We are a commune of inquiring, skeptical, politically centrist, capitalist, anglophile, traditionalist New England Yankee humans, humanoids, and animals with many interests beyond and above politics. Each of us has had a high-school education (or GED), but all had ADD so didn't pay attention very well, especially the dogs. Each one of us does "try my best to be just like I am," and none of us enjoys working for others, including for Maggie, from whom we receive neither a nickel nor a dime. Freedom from nags, cranks, government, do-gooders, control-freaks and idiots is all that we ask for.
Not but they die, the teasers and the dreams, Not but they die, and tell the careful flood To give them what they clamour for and why.
You could not fancy where they rip to blood You could not fancy nor that mud I have heard speak that will not cake or dry.
Our claims to act appear so small to these Our claims to act colder lunacies That cheat the love, the moment, the small fact.
Make no escape because they flash and die, Make no escape build up your love, Leave what you die for and be safe to die.
I believe this quasi- villanelle was written in the 1930s. I have quoted a brief bio of Empson on the continuation page below, from this site.
Empson, Sir William
b. Sept. 27, 1906, Hawdon, Yorkshire, Eng. d. April 15, 1984, London
British poet and critic known for his immense influence on 20th-century literary criticism and for his rational, metaphysical poetry.
Empson was educated at Winchester College and at Magdalene College, Cambridge. He earned degrees in mathematics and in English literature, which he studied under I.A. Richards. His first poems were published during this time. Several of the verses published in Empson's Poems (1935) also were written while he was an undergraduate and reflect his knowledge of the sciences and technology, which he used as metaphors in his largely pessimistic assessment of the human lot. Much influenced by John Donne, the poems are personal, politically unconcerned (despite the preoccupation with politics in the 1930s), elliptical, and difficult, even though he provided some explanatory notes. Later collections of his poetry included The Gathering Storm (1940) and Collected Poems (1949; rev. ed. 1955).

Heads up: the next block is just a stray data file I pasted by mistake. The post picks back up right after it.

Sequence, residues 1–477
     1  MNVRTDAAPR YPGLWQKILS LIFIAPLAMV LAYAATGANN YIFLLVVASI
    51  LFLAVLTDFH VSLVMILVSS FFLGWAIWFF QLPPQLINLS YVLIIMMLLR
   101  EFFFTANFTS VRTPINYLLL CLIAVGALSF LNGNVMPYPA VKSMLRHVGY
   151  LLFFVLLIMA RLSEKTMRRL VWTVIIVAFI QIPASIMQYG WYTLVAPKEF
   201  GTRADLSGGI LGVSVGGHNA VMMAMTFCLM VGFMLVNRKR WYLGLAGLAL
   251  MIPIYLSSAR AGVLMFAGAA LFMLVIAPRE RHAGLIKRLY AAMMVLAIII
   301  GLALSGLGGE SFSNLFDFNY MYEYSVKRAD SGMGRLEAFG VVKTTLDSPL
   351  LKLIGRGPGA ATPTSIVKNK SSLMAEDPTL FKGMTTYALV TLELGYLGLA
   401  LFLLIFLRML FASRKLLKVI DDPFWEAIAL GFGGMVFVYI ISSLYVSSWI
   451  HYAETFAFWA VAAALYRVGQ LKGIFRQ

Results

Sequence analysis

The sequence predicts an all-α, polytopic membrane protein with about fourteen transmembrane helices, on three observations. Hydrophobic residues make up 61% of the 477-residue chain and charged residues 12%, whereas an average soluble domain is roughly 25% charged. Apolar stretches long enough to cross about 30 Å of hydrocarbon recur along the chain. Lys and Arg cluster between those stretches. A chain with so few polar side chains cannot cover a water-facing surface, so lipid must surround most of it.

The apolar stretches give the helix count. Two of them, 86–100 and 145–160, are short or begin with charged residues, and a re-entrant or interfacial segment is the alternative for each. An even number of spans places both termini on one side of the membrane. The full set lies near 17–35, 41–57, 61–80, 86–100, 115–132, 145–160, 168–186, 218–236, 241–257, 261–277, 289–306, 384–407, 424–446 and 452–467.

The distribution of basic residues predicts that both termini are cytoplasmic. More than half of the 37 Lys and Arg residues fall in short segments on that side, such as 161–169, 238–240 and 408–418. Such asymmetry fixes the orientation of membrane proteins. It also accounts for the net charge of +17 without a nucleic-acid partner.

Seven Types of Ambiguity (1930; rev. ed. 1953), one of the most influential critical works of the first half of the 20th century, was essentially a close examination of poetic texts. Empson's special contribution in this work was his suggestion that uncertainty or the overlap of meanings in the use of a word could be an enrichment of poetry rather than a fault, and his book abounds with examples. The book helped lay the foundation for the influential critical school known as the New Criticism. Empson applied his critical method to somewhat longer texts in Some Versions of Pastoral (1935) and further elaborated it in The Structure of Complex Words (1951). Empson's verbal analyses were based on the view that poetry's emotive effect derives primarily from the ambiguities and complexities of its cognitive and tonal meanings.
From 1931 to 1934 Empson taught English literature at the University of Tokyo, and he subsequently joined the English faculty of Peking National University in China. He was Chinese editor at the British Broadcasting Corporation during World War II and returned to teach at Peking National University from 1947 to 1952. Empson was professor of English literature at Sheffield University from 1953, becoming emeritus in 1971. He was knighted in 1979.
He was also a distinguished poet who influenced younger poets in the 1950s. His Poems appeared in 1935, The Gathering Storm in 1940, and his Collected Poems in 1955. Empson's poetry is characterized by ingenious conceits using a subject matter drawn from astrophysics, mathematics, and other sciences.
This is a fine poem, but it is not a villanelle. "Do Not Go Gentle Into That Good Night" is a villanelle. So is Auden's "Miranda." In a villanelle, the first and last lines of the first stanza become the alternating last lines of the subsequent four stanzas, then the two together become the concluding lines of the whole poem. Six stanzas, 19 lines in all.
When I was a schoolboy I invited him to come and address our small sixth form literary club and he agreed. My English teachers were appalled that I had somehow persuaded the greatest living critic to come along and address about half a dozen people, but there was no rescinding the invitation. So we all had a a pleasant evening. He was a lovely man.